If you are a German living and working in the US, you are not required to file the income you make in the US to the German tax office. If on the other hand, you are an American living and working in Germany, YOU ARE REQUIRED to report your income in Germany for taxation purposes.

In fact, I know of green card holders who became citizens later who left their country of origin and by some good fortune, inherited property or money from a dead relative from that country. THEY ARE REQUIRED TO INFORM THE IRS OF THAT.


16 posted on 01/21/2013 7:55:33 PM PST by SeekAndFind
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To: Aria

I’m heading to the Philippines like some Freepers. Former American territory, kids were taught English the same time as tagalog and the newspapers are mostly in English. I also have dibs on a condo in the financial district and only paid 25K for the 27th floor (yeah, that cheap). The traffic though, is one of the worst.


17 posted on 01/21/2013 8:05:47 PM PST by max americana (Make the world a better place by punching a liberal in the face)
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To: SeekAndFind

“Mr. Obama, tear down this wall.”


18 posted on 01/21/2013 8:08:12 PM PST by dfwgator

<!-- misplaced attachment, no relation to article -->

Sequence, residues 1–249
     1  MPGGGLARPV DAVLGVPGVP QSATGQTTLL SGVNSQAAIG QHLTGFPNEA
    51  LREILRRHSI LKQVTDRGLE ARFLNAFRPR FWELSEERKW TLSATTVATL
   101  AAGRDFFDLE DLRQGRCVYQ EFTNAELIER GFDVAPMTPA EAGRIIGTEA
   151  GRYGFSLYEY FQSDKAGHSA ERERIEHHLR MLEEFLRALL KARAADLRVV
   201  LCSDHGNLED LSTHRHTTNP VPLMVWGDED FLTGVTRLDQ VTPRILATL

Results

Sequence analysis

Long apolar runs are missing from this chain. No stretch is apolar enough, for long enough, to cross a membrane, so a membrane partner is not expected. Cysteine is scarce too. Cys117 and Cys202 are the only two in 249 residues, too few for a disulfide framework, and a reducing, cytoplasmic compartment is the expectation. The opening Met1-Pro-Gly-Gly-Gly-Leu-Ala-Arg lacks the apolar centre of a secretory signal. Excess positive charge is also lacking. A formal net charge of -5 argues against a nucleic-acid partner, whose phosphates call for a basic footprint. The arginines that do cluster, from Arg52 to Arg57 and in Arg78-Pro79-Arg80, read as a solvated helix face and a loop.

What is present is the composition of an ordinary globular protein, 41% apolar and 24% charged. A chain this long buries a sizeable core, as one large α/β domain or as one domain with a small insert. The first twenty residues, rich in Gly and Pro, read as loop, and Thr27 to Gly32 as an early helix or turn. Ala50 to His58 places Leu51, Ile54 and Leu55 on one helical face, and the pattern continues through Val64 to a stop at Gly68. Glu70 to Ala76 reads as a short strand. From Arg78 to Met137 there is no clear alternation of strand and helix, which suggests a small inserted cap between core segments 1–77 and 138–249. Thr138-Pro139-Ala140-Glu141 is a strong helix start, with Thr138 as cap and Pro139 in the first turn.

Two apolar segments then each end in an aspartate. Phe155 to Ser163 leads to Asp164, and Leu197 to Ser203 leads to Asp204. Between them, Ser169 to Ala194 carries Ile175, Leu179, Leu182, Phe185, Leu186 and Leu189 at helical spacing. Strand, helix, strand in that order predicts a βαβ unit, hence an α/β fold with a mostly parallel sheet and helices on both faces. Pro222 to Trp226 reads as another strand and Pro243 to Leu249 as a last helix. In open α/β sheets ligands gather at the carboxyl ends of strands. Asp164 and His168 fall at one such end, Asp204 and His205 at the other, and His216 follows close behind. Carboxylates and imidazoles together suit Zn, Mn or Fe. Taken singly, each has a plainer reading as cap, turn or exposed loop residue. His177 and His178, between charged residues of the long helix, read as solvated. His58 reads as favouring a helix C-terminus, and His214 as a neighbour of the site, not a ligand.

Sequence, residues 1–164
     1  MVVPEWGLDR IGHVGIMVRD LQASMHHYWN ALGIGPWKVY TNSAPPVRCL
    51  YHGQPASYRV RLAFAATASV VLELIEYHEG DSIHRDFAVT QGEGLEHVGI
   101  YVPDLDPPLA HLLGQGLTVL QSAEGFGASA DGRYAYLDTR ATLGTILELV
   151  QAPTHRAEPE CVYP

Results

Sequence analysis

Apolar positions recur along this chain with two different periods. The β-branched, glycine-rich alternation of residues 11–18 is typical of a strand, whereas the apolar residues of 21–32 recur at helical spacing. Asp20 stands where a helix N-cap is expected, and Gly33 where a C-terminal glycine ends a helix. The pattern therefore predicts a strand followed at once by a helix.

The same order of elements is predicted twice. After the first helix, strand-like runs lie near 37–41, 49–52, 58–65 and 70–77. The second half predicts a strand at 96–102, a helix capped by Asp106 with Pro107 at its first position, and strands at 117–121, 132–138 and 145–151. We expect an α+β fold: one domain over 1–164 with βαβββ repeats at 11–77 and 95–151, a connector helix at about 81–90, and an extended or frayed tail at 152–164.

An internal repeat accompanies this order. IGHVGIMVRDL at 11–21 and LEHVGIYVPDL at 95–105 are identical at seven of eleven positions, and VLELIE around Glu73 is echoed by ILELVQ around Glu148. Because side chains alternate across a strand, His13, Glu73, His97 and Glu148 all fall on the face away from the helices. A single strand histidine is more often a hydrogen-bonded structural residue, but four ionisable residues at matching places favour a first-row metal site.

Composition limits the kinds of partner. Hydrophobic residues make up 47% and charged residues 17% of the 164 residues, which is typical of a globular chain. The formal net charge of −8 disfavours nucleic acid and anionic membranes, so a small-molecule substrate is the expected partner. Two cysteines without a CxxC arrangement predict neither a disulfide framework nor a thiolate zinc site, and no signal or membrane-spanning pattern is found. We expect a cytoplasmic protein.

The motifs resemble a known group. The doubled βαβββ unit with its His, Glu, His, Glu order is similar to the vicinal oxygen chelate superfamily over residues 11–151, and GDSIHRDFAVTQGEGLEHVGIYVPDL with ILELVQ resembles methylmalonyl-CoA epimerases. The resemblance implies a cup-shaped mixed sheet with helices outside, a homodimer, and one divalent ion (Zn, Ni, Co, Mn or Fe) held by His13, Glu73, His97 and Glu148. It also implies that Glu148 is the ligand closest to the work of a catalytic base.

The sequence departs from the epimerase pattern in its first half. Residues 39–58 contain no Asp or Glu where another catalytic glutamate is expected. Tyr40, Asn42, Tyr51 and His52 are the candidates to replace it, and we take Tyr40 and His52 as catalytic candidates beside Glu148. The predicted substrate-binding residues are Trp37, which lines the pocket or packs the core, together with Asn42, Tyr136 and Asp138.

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To: dfwgator

That’s talking to a brick wall :)


19 posted on 01/21/2013 8:09:02 PM PST by SeekAndFind
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To: dfwgator
“Mr. Obama, tear down this wall.”

Are they still putting forth the idea of splitting CA into two states? I think the Northern population was pushing for it a while ago, but of course, the southern half needs the revenues to support the illegal population.

20 posted on 01/21/2013 8:12:37 PM PST by RobertClark ("May God have mercy upon my enemies, because I won't" - George S. Patton)
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To: SeekAndFind

That survey should have included an "all of the above" for a lot of us ex-Californios. Every one of those (except 'try something new') was on my list of reasons for relocating out of the state.

21 posted on 01/21/2013 8:14:24 PM PST by Windflier (To anger a conservative, tell him a lie. To anger a liberal, tell him the truth.)
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To: SeekAndFind

Back in the early 90’s I was considering moving to Eureka, Ca. to be closer to my then girlfriend who had moved back home. I must say that staying in Texas and not marrying that girl was a very beneficial decision all around. PTL.